Using NFPA 70E to Guide Your Electrical Safety Program

Contributed by Safety Management Group

It’s a given that electrical safety is a key part of workplace safety. By following what’s outlined in NFPA 70E, Standard for Electrical Safety in the Workplace, you’ll protect your workers and stay on OSHA’s good side where electrical safety is concerned.

What is the NFPA 70E standard?

The NFPA 70E standard focuses on the safety of workers exposed to electrical hazards including electric shock, arc flash, and arc blast. OSHA’s general duty clause calls upon employers to furnish a place of employment free from recognized hazards that can cause death or serious physical harm, and what’s outlined in NFPA 70E addresses those issues as they relate to electricity.

The standard itself is divided into four chapters. The first covers definitions, training requirements, elements of a safety program, lockout/tagout procedures, energized work permit procedures, personal protective equipment (PPE) requirements, and other safety precautions. The second chapter covers safety-related maintenance requirements, the third addresses safety-related installation and work practices and procedures for special equipment, and the final chapter summarizes the National Electrical Code.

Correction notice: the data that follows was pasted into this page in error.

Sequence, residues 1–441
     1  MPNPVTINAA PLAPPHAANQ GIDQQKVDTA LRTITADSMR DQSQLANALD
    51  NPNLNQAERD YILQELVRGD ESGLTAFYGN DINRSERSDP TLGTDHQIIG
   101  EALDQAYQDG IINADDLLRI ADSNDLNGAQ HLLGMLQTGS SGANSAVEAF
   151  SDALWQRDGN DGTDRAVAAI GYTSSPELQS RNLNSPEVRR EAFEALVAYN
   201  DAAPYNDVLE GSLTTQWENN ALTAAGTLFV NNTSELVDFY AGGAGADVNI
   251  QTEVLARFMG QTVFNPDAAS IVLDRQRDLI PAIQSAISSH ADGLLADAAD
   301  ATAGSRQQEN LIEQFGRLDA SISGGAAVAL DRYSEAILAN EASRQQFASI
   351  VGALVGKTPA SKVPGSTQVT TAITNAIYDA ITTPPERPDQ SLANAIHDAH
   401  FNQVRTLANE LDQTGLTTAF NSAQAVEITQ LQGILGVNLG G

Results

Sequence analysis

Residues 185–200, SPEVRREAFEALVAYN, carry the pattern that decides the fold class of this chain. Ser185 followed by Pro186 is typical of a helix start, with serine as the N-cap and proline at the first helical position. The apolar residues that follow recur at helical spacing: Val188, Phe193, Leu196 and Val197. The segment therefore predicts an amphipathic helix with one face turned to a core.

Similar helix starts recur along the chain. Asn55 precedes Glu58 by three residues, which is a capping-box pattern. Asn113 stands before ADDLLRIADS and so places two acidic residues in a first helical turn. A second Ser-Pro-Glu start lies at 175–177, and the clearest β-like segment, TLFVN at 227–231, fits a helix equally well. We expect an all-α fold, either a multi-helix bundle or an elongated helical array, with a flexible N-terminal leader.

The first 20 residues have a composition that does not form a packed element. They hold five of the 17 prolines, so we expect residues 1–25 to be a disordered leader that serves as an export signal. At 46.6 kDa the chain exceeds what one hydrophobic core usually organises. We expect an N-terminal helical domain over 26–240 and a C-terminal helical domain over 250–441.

Creating an electrical safety program

An electrical safety program is an important part of your overall company safety program, and NFPA 70E’s policies and procedures are already written and available for use. Building upon those standards, your safety program should act as a guideline for how to work safely around electrical parts and equipment. Your program should include:

Awareness and self-discipline. Your program must provide awareness of potential electrical hazards, along with the required self-discipline so that an employee can review the program and know what is required before proceeding with their work, creating accountability.

Program principles. The principles upon which your program is based need to be identified.

Program procedures. Your program should identify safe work procedures for working on or near areas where an electrical hazard exists.

Hazard/risk evaluation procedure. This defines the evaluation process workers can use prior to starting work on or near live parts.

Job briefing. The employee in charge should brief the employee who will perform the work before it begins. The briefing should include work procedures, hazards associated, any special precautions, and required PPE.

Establishing an electrically safe work condition

The overall goal behind an electrical safety program is to perform work on electrical parts and equipment only when they are in an electrically safe work condition. De-energizing equipment achieves this, and the best practice is to follow proper lockout/tagout procedures.

The first steps in this process are preparation and notification. The worker needs to identify what is being affected by this shutdown and notify any personnel who may be affected well. The next step is to actually shut down the energized parts/equipment. Whether this is accomplished by a switch, disconnect, or breaker, it must be done completely. Shutting down only a part of a system could result in problems. The person authorized to perform this work should apply both a lock and a tag to ensure that the equipment is not inadvertently re-energized.